In the name of imposing an ideology - no less so than religious wars over Justification by Faith and Transubstantiation - the entire principle of national sovereignty is being attacked. And that idea has long been despised by the left. Nationalism, they argue, is evil and the cause of war and destruction when it has actually been the existence of the nation state which has created peace and construction. But these stupid nations who want to do their own thing get in the way of the utopian ideal of the left. So it must go.

Who cares if you destroy democracy and the successful pillars of civilization that have created our incredible world today? You have to break a few eggs, and all that. And we're so smart, so right, and so enlightened that we can fix it all. You won't need democracy where we're going, they say.

Some say democracy is suicidal, that inevitably the very system of freedom and input that make it work leads to its own destruction. That peace, comfort, and liberty inevitably lead to the kind of thing we see today where liberty is taken to license, and then used as an excuse to destroy freedom in the name of doing good. Perhaps that's the case. Its clear that the experiment, the dream of the founding fathers in the United States is in ruins.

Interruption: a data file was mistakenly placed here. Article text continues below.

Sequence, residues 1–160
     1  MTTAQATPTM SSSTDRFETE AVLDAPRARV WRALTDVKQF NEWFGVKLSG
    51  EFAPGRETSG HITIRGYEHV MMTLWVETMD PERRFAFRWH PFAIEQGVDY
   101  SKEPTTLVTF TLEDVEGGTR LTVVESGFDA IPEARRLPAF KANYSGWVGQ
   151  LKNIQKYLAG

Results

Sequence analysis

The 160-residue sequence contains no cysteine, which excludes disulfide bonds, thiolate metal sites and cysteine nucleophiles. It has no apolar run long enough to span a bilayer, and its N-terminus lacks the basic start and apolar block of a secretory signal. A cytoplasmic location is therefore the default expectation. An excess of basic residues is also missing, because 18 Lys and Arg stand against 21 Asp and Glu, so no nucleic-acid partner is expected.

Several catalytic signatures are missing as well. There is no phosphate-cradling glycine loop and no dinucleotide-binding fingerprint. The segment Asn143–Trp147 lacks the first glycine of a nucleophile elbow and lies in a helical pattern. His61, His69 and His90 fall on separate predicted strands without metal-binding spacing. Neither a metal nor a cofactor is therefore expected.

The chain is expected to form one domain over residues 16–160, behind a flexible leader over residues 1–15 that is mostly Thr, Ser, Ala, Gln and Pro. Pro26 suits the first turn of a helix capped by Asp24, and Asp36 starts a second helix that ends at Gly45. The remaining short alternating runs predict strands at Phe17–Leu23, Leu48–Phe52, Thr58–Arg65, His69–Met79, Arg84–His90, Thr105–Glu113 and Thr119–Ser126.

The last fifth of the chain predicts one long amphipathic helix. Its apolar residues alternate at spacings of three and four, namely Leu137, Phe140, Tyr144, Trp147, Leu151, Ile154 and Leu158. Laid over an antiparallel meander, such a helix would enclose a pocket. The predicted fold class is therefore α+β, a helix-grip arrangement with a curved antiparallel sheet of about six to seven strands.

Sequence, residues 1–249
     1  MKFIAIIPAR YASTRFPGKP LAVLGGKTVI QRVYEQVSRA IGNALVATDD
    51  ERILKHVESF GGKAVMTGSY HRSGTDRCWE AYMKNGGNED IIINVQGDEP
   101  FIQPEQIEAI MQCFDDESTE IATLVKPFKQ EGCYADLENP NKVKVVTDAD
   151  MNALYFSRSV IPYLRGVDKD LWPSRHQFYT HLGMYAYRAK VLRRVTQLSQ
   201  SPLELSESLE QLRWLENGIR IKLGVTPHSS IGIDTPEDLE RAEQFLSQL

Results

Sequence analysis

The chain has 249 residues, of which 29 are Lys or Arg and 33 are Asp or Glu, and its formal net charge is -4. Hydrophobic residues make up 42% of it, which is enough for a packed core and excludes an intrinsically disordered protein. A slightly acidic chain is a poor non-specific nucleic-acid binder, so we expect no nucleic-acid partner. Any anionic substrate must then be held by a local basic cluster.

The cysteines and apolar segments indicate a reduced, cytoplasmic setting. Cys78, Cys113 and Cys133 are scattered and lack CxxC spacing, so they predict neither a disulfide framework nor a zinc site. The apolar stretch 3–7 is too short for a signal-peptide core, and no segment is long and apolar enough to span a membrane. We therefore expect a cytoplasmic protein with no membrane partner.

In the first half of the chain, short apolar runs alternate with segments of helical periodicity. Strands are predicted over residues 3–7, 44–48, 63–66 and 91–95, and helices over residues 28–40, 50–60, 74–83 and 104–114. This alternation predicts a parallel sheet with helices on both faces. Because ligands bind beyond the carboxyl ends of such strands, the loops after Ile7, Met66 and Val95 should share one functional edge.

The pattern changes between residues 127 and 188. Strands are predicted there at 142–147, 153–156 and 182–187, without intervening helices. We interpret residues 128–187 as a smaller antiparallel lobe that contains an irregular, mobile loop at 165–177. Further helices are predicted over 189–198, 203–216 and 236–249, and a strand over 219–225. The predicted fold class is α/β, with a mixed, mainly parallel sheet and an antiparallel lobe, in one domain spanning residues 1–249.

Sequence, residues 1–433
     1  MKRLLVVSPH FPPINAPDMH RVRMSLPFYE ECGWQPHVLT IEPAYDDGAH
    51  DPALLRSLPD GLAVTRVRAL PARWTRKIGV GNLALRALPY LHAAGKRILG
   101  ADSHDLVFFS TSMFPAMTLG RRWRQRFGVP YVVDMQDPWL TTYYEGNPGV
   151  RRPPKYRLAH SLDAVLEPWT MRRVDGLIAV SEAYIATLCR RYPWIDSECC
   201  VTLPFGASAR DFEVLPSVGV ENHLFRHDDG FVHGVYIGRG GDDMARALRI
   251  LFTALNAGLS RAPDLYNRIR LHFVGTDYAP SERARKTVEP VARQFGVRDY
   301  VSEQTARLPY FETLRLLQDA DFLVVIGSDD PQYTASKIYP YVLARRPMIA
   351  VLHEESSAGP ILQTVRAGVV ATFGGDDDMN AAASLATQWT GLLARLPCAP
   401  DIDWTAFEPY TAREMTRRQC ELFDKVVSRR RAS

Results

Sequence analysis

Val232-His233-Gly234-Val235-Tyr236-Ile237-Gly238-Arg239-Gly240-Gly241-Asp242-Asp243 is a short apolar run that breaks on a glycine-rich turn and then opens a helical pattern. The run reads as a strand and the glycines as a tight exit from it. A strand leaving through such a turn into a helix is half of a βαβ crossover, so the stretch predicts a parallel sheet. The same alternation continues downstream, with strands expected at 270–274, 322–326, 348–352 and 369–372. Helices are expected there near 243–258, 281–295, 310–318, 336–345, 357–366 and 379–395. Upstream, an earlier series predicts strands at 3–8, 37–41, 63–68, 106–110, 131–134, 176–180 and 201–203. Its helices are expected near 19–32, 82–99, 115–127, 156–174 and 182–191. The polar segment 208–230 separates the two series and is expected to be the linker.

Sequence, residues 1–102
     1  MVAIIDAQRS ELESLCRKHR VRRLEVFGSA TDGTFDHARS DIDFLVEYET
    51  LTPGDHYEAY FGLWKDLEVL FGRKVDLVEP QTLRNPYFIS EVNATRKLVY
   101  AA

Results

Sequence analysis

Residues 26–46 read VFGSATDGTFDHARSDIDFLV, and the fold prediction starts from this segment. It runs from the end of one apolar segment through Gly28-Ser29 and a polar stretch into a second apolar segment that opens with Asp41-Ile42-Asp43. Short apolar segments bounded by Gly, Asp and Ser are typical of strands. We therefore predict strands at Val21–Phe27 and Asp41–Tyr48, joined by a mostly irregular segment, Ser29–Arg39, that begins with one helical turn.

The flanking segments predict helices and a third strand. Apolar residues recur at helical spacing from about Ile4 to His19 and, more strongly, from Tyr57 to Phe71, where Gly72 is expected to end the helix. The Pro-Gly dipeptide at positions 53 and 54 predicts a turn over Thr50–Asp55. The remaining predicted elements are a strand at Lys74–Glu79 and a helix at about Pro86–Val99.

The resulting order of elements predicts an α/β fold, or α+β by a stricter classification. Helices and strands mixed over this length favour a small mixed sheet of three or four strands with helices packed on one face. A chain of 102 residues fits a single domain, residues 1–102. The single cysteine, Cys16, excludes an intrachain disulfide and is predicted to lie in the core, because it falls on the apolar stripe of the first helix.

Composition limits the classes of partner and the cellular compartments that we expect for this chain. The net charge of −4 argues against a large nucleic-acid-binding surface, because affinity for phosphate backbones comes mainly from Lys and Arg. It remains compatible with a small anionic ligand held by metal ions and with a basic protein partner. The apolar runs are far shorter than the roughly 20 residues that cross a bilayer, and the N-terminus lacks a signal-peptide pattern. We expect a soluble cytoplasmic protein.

I can't shake the feeling that we're watching the entire world structure and everything that has given us modern civilization being undermined to the point of complete collapse by leftist termites who have been burrowing under the walls for decades. They've so completely chewed through the foundations that they're boldly showing their hideous pale grubby faces unmasked for the first time, grinning in triumph as the wood groans and stones crumble over their heads.

But when it all comes down, it won't just fall on them.

1 comment:

Anonymous said...

I agree with your assertions.

Further, I would suggest that can interchange "Politically Correct Leftists" with "Islamists".

I believe that align at this time as they both see the same means to an end; but each seeks to impose its own dogma in the aftermath.